30 August 2012

Elementary Tactics: Discovery

In Gligoric -- Averbakh, 1966, Black did not play 32...Qxd6. Why not?

Black to move

2rq3k/6pp/pp1Pp3/3N1p2/P7/3Q1P1R/1P4PP/2rR2K1 b - -

28 August 2012

Benefits of Chess

Benefits of Chess

Chess is a great game. It has been played longer and in more places than any other comparable game. In addition to its cultural value, chess play and study offers many benefits that go beyond chess.

Chess improves mental skills of observation, pattern recognition, memory, analysis, logic, and critical thinking. It stimulates the development of creativity, concentration, and persistence. Studies have demonstrated clear improvement in math and reading skills for students receiving a few hours of chess instruction per week.

Emotional Growth
Chess competition encourages growth in the personal qualities of patience, self-control, coping with frustration, self-confidence, and selfesteem.

Social Skills
Playing chess develops sportsmanship, responsibility, and respect for others.

Global Dimension
Chess is played on every continent. Its history spans more than a millennium. It probably originated in China or India; it became popular in Europe during the Renaissance. Chess notation and evaluation symbols permit chess players of all languages to communicate games and analysis.

21 August 2012

Svetozar Gligoric, 1923-2012

Grandmaster Svetozar Gligoric passed away 14 August 2012. He was among the top players in the 1950s and '60s. Gligoric was a top chess commentator, an innovative openings theorist, a fierce competitor, and a true gentleman. He avoided psychological ploys against perceived weaknesses in his opponents, preferring as he put it, to "play against pieces."

When I started reading chess books in the mid-1970s, Gligoric was a regular at top GM tournaments, and an excellent chess writer.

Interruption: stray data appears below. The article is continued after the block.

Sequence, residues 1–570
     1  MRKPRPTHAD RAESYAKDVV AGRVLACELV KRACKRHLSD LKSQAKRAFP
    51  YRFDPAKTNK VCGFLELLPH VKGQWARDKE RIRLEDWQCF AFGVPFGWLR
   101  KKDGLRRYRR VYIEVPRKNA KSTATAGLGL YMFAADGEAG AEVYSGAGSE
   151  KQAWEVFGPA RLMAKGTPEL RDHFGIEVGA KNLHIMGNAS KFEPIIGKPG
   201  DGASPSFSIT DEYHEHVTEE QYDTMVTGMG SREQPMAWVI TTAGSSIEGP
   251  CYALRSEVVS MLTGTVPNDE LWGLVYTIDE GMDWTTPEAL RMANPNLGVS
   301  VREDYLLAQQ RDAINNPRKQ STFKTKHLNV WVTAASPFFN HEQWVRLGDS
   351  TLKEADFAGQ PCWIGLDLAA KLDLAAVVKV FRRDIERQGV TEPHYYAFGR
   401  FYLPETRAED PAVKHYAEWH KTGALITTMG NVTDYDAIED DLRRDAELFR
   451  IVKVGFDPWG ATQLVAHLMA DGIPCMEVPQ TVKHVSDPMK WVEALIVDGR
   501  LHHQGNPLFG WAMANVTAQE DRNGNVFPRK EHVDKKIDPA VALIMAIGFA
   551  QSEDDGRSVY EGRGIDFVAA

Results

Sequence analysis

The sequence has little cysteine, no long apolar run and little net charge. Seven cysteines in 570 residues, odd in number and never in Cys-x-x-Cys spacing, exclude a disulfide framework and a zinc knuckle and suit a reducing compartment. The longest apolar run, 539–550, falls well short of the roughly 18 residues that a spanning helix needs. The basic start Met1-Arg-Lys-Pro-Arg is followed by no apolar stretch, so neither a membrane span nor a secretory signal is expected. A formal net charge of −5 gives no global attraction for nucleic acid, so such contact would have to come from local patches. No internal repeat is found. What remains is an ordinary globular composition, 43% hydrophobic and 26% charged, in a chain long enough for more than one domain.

14 August 2012

Tactics and Strategy

How do we distinguish tactics from strategy? Strategy refers to grand objectives, while tactics are the means to achieve these. Archaeologist Richard Fox offers an explanation that may interest chess players.
For standing armies, battle is undertaken in accordance with codified tactical prescriptions. On the battlefield, tactics dictate the maneuvers of soldiers in quest of strategic goals, and they standardize individual actions for the common good. Tactics among standing armies, then, are the codified manners in which strategy is carried out.
Richard Allan Fox, Jr., Archaeology, History, and Custer's Last Battle (1993), 10.

Knight forks, occupation of key squares, batteries, discovery, and other tactical motifs are comparable to the U.S. Cavalry's 1874 prescriptions to deploy companies in a particular manner.

13 August 2012

Training Log: Travel

For the first time since February, I attempted fewer than fifty tactics problems over the past week. During the week, there were two or three solving sessions consisting of perhaps thirty problems--I'm uncertain as to the precise number. The last of these sessions was Saturday morning while eating breakfast in a hotel in Butte, Montana. My wife, my youngest son, and I pulled out of the driveway at 7:00 am Sunday morning, and we pulled back in very near 5:00 pm Saturday evening.

During the week, I drove slightly more than 1600 miles (2575 kilometers). We visited museums with admission fees in Wallace, Idaho; Cody, Wyoming; just outside Powell, Wyoming; Butte, Montana; just outside Crow Agency, Montana (my son and I); and Garryowen, Montana (my son waited outside, and my wife was at her conference in Billings). We saw Mammoth Hot Springs, a herd of bison, Old Faithful, and the Fishing Bridge in Yellowstone National Park. My son and I toured the Little Bighorn Battlefield. We visited the World Museum of Mining in Butte, as well as a small mining museum in Idaho's Silver Valley. We walked through the downtown area of Wallace, Idaho where every building is on the National Register of Historic Places.